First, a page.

IDEAS home Printed from
   My bibliography  Save this article

Are the New Child-Support Guidelines "Adequate" or "Reasonable"?


  • Vicky Barham
  • Rose Anne Devlin
  • Chantale LaCasse


Child-support awards constitute an important source of revenue for many single-parent households. The inadequacy of these child-support awards is one of the factors cited to justify the government's recent implementation in January 1997 of a new child-support Guidelines. This paper evaluates these Guidelines by examining how they compare to six standards of adequacy and reasonableness. We are led to conclude that any child-support system based solely on the incomes of former spouses is unlikely to succeed. One way out of this dilemma is to use a broader measure of wealth when calculating child-support payments which may make it possible to reduce the economic impact of divorce on children.

Suggested Citation

  • Vicky Barham & Rose Anne Devlin & Chantale LaCasse, 2000. "Are the New Child-Support Guidelines "Adequate" or "Reasonable"?," Canadian Public Policy, University of Toronto Press, vol. 26(1), pages 1-15, March.
  • Handle: RePEc:cpp:issued:v:26:y:2000:i:1:p:1-15

    Download full text from publisher

    File URL:
    Download Restriction: only available to JSTOR subscribers

    As the access to this document is restricted, you may want to search for a different version of it.


    Citations are extracted by the CitEc Project, subscribe to its RSS feed for this item.

    Cited by:

    1. Vicky Barham & Rose Anne Devlin & Jie Yang, 2006. "Public Policies and Private Decisions: The Effect of Child Support Measures on Marriage and Divorce," The Journal of Legal Studies, University of Chicago Press, vol. 35(2), pages 441-474, June.
    2. Vicky Barham & Rose Anne Devlin, 2003. "Child-Support Policies and the Well-Being of Children: Income versus Wealth-Based Measures," Canadian Public Policy, University of Toronto Press, vol. 29(3), pages 351-365, September.

    More about this item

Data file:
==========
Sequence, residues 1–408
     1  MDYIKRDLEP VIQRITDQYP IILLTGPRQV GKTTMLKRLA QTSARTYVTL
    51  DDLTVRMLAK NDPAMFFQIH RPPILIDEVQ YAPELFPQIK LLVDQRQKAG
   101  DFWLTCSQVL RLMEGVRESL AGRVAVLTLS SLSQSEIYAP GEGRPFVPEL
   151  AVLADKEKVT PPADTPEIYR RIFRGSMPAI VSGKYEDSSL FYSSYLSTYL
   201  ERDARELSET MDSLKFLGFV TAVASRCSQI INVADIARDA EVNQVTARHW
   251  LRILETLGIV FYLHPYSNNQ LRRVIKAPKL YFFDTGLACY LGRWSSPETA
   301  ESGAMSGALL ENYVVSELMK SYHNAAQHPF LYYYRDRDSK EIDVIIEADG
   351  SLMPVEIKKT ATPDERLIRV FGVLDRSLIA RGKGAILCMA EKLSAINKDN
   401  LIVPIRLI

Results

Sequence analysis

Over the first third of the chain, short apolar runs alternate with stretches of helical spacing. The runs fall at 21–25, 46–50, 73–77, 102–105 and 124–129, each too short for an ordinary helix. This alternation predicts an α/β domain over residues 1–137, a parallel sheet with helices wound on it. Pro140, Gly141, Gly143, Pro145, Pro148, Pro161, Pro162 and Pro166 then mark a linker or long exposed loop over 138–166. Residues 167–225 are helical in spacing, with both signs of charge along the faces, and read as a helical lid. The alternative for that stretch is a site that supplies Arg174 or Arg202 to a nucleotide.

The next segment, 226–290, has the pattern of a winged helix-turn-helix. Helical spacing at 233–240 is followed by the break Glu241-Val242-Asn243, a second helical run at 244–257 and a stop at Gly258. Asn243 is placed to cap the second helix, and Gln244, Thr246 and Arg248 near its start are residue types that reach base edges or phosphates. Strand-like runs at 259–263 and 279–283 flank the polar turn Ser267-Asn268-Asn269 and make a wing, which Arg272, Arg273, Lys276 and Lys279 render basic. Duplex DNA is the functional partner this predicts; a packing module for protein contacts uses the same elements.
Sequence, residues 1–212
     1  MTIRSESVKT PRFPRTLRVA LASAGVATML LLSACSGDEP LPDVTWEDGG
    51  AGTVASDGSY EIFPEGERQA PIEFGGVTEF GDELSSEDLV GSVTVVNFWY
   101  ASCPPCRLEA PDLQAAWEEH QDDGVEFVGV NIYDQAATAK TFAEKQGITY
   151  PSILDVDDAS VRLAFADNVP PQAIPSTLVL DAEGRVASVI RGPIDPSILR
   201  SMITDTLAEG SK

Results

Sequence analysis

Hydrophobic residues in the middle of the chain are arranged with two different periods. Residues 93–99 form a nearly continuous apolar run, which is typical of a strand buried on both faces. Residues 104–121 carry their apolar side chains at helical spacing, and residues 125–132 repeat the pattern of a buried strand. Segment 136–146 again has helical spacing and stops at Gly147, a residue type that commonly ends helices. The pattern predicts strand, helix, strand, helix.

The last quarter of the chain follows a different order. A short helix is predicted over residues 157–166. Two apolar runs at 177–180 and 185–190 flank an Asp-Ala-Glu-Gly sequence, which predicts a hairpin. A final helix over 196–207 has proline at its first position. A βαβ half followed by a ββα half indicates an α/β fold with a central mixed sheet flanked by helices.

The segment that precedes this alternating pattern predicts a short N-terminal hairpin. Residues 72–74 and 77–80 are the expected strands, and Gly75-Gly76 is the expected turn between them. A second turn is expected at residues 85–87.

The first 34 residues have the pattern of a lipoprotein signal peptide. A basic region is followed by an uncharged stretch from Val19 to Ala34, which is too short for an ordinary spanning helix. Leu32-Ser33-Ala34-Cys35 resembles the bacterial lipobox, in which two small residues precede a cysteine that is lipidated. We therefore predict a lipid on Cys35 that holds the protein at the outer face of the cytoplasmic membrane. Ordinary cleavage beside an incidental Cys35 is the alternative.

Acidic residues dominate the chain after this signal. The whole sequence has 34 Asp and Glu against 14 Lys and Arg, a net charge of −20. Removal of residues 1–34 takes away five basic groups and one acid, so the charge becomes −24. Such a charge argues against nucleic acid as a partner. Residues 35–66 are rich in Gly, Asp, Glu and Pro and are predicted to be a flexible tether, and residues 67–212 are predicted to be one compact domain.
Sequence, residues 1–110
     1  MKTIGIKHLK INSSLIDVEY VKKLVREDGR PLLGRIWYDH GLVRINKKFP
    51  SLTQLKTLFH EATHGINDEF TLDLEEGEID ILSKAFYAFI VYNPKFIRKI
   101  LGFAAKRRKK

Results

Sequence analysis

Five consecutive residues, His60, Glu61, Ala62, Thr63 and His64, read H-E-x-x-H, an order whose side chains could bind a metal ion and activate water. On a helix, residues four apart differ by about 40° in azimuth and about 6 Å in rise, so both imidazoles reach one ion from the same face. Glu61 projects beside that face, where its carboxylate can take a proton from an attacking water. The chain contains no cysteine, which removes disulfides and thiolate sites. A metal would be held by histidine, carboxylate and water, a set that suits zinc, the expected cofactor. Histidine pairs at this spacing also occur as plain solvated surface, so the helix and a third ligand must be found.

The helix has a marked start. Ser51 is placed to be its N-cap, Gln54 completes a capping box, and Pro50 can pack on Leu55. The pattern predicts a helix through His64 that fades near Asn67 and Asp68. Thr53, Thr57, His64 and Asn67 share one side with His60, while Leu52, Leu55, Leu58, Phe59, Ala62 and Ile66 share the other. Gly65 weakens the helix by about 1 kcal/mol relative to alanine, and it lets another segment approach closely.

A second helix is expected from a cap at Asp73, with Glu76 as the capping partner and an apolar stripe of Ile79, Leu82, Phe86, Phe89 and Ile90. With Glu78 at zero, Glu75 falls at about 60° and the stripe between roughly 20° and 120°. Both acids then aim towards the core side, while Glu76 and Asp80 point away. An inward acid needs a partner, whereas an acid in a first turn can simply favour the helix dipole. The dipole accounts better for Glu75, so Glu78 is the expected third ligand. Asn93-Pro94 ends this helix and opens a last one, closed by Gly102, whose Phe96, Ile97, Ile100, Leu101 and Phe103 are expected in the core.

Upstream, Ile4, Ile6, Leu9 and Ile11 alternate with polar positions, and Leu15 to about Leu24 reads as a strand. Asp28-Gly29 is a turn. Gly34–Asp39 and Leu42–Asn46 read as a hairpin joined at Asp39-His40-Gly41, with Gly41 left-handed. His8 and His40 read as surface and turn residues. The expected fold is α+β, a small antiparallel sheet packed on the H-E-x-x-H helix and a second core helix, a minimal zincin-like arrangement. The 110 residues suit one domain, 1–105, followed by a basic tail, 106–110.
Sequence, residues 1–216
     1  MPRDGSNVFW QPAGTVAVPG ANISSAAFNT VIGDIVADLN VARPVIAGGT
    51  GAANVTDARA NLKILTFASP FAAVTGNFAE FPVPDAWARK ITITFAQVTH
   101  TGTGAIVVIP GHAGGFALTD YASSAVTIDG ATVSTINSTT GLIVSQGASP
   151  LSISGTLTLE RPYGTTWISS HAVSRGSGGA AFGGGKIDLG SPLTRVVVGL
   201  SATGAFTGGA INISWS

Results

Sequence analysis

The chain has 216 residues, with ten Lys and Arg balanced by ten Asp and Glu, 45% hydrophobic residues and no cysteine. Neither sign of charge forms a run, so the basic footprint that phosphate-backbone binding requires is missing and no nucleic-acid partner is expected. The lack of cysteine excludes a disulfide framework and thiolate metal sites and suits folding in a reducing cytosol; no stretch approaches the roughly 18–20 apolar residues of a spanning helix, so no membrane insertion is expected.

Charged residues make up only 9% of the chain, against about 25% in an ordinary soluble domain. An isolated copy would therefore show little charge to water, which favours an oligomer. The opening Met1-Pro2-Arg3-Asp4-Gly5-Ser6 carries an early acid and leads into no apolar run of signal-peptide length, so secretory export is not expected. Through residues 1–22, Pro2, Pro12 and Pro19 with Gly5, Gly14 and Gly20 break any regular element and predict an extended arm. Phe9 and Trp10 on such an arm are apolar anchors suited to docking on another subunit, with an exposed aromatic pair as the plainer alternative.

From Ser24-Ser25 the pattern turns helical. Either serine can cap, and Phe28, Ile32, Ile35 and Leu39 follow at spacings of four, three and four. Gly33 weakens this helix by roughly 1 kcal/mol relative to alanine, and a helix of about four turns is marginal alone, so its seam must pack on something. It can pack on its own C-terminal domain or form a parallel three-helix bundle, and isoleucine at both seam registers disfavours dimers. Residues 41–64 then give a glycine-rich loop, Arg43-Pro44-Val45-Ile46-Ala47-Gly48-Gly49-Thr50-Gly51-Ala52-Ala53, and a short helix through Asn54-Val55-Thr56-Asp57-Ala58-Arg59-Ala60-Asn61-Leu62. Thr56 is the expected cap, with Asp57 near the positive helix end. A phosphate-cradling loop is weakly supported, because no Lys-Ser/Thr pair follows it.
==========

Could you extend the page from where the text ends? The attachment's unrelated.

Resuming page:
Access and download statistics


    All material on this site has been provided by the respective publishers and authors. You can help correct errors and omissions. When requesting a correction, please mention this item's handle: RePEc:cpp:issued:v:26:y:2000:i:1:p:1-15. See general information about how to correct material in RePEc.

    For technical questions regarding this item, or to correct its authors, title, abstract, bibliographic or download information, contact: (Prof. Werner Antweiler). General contact details of provider: .

    If you have authored this item and are not yet registered with RePEc, we encourage you to do it here. This allows to link your profile to this item. It also allows you to accept potential citations to this item that we are uncertain about.

    We have no references for this item. You can help adding them by using this form .

    If you know of missing items citing this one, you can help us creating those links by adding the relevant references in the same way as above, for each refering item. If you are a registered author of this item, you may also want to check the "citations" tab in your RePEc Author Service profile, as there may be some citations waiting for confirmation.

    Please note that corrections may take a couple of weeks to filter through the various RePEc services.

    IDEAS is a RePEc service hosted by the Research Division of the Federal Reserve Bank of St. Louis . RePEc uses bibliographic data supplied by the respective publishers.